John Ostrander: Secret Convergence Wars
Starting April 1, DC Comics is launching its new meta-Crisis series, Convergence, in which characters from different planets and timelines will be thrust together on the Blood Moon to fight fight fight. In May, all of Marvel’s multiverse will go blooey with bits and pieces being recombined into a single place called Secret Wars: Battleworld and, no doubt, every one will fight fight fight. Worlds/characters will live, worlds/characters will die, and nothing will ever be the same yet again.
It’s the same concept as DC’s Crisis on Infinite Earths back in 1985 (and Convergence, at least in part, is a thirty year Anniversary celebration of that event). For you young’uns who weren’t around, COIE was a 12 issue maxi-series with a very real purpose – to modernize and re-boot the DC Universe and continuity.
To be honest, I think that’s a necessity every so often for every continuity. Over the years, narrative barnacles form on characters and concepts and its good every so often to scrape them off and get back more to the basic concepts that attracted us to the characters/books/universes in the first place. That’s what the movies and TV shows made from comics have been doing – they take what is essential, respecting the source material without being bound to every bit of it, and re-interpreting it and presenting it fresh for a large audience, as if those stories were being created today. Fanboys may protest, fanboys may cry, but nothing remains the same.
IM-not so-HO (to steal from Mindy Newell), that’s a very good thing. It makes the characters and stories accessible to a larger audience, usually a much larger audience. It has the potential to grow the audience for these characters – except that the versions they see on TV or in the movies bear no resemblance to the versions they find in the comics. For example, if you like Chris Hemworth’s Thor and go to the comics, you’ll find Thor is now female. Remember that cool character the Falcon in the last Captain America movie? He now is Captain America.
It’s hard to make the comic characters track with their movie/TV versions but not impossible. When Jan Duursema and I were doing Star Wars set on the time between Episodes II and III before III came out, we had access to an early version of the script for III. We had to sign stiff non-disclosure statements but we were able to make our stories work within that time frame.
Of course, DC has said that the cinema versions of their characters do not match up with the TV versions but Marvel has gone out of its way to make TV and movies all part of one version of the Marvel Universe.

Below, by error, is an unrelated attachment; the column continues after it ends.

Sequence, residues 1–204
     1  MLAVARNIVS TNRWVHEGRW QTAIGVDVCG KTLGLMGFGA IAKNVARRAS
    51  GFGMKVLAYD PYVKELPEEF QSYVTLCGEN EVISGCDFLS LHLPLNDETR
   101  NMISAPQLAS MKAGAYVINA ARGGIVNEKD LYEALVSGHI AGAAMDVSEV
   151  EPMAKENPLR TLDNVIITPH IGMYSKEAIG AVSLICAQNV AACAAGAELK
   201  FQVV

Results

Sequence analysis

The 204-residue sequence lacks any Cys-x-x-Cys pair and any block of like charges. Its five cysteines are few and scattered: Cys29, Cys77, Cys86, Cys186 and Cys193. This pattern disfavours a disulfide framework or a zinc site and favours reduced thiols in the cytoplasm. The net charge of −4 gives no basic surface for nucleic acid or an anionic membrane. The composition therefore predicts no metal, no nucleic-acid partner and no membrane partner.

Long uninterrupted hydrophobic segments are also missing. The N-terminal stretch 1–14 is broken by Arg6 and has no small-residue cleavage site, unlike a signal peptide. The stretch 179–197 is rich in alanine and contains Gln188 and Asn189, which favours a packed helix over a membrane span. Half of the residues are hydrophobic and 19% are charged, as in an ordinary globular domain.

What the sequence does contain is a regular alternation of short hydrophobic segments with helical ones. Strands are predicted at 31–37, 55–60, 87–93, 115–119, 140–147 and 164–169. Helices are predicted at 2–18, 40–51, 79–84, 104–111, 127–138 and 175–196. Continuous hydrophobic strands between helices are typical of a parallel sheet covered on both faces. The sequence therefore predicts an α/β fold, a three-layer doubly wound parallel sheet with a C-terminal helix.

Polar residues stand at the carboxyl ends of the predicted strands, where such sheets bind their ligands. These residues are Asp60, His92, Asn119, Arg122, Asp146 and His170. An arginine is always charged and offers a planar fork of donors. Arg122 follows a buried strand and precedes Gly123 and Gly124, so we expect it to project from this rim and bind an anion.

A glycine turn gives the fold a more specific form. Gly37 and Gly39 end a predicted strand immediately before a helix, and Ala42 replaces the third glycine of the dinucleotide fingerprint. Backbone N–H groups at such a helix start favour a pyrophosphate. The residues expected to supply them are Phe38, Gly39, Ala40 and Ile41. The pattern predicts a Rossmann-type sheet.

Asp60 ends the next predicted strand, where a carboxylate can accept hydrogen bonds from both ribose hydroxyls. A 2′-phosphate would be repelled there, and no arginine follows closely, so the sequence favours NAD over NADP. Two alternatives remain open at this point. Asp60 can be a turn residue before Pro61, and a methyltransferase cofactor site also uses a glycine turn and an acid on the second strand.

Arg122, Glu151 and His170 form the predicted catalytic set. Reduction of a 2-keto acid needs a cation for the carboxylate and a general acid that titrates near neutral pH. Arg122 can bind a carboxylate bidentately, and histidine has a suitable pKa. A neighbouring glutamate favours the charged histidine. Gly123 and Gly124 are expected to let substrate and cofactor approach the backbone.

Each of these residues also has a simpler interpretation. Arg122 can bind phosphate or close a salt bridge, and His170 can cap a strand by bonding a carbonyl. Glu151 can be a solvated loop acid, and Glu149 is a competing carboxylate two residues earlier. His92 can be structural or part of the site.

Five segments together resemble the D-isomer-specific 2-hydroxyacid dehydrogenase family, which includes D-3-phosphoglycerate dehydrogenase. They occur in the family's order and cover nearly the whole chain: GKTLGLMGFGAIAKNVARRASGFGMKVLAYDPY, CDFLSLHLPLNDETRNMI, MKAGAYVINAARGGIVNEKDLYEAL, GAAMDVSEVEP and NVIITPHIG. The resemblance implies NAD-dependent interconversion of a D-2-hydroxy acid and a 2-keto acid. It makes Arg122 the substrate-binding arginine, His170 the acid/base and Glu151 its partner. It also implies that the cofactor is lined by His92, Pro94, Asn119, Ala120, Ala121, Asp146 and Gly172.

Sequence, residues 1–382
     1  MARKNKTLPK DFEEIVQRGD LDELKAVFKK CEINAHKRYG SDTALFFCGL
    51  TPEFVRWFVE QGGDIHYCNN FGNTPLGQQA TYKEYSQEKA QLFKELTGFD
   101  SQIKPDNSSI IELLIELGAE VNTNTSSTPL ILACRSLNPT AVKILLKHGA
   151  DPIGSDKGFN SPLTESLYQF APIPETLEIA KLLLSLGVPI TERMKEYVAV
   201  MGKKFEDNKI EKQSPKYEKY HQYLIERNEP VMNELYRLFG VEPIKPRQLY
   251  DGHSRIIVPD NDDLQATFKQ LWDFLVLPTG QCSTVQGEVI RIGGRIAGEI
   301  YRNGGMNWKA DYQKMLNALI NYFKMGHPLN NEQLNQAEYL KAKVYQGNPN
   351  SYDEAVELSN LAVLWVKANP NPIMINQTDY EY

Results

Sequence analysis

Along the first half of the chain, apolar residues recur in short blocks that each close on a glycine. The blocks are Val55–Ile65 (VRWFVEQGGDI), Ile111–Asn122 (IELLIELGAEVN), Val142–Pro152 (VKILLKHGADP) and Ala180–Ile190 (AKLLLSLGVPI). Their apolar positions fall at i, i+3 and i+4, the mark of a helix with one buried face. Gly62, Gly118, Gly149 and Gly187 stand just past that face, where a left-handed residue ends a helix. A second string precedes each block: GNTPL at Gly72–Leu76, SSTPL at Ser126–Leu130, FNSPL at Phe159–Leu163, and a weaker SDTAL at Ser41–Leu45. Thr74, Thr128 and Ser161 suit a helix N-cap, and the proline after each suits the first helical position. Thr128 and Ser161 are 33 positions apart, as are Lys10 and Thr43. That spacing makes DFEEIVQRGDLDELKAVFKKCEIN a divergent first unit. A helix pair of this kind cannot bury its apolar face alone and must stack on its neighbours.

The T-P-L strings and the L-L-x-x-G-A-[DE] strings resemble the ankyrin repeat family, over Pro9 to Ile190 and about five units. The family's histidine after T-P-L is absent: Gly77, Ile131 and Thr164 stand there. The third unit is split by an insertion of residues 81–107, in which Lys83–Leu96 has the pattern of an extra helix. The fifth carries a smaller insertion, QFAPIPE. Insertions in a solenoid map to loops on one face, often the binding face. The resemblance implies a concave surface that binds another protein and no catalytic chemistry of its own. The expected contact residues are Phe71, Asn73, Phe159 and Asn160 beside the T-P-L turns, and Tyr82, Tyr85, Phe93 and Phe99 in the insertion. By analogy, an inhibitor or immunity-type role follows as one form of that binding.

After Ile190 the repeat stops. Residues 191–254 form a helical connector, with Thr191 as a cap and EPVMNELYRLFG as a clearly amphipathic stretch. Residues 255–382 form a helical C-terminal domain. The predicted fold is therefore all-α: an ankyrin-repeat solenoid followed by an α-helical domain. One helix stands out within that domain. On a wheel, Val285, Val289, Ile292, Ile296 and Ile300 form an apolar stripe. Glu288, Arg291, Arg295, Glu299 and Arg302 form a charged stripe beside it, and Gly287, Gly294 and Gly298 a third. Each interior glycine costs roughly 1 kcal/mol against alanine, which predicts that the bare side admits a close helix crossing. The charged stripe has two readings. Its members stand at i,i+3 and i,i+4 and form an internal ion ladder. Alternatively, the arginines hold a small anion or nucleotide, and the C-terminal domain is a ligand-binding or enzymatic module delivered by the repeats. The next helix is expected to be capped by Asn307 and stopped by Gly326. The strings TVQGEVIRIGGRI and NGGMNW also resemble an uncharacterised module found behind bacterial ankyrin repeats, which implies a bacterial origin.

Marvel Comics has always disdained the reboots that DC has done, claiming they don’t need them but, in fact, they do. One of the really interesting aspects of Captain America is that he was frozen at the end of WW2 and wakes up in a modern world. That became a trope that you couldn’t keep repeating as the comics aged; it was no longer the Sixties and having Cap whine about being out of time for 50 years would be very tiresome. But being able to say he was thawed out in our day revives that trope and that makes it interesting again.
Continually re-inventing the characters can make them fuzzy and blurred. I’ve heard artists talking about “noodling” a page to death or erasing your pencils so often that you only get muck on the page. Doctor Strange has suffered that as every new writer coming on wanted to give their version of his origin with the “Everything you thought you knew is wrong!” schtick.
Crisis on Infinite Earths suffered from not having a clear idea of who the characters should be once you finished deconstructing what you had. To my mind, reboots need to get back to core ideas – what is unique about a given character or concept. Write them for modern audiences while capturing their essence which is what many of the movies and TV shows have done.
What will be most important about the two events – Convergence and Secret Wars: Battleworld – is what comes next. How will the companies and their writers and artists re-interpret their classic characters so they seem fresh and new and relevant for the here and now. Capture our loyalty again not with stunts (which may fuel sales but not imaginations) but with new visions of who these classic characters are. Make them familiar and yet new.
Good luck, Marvel and DC. Sincerely. Good luck.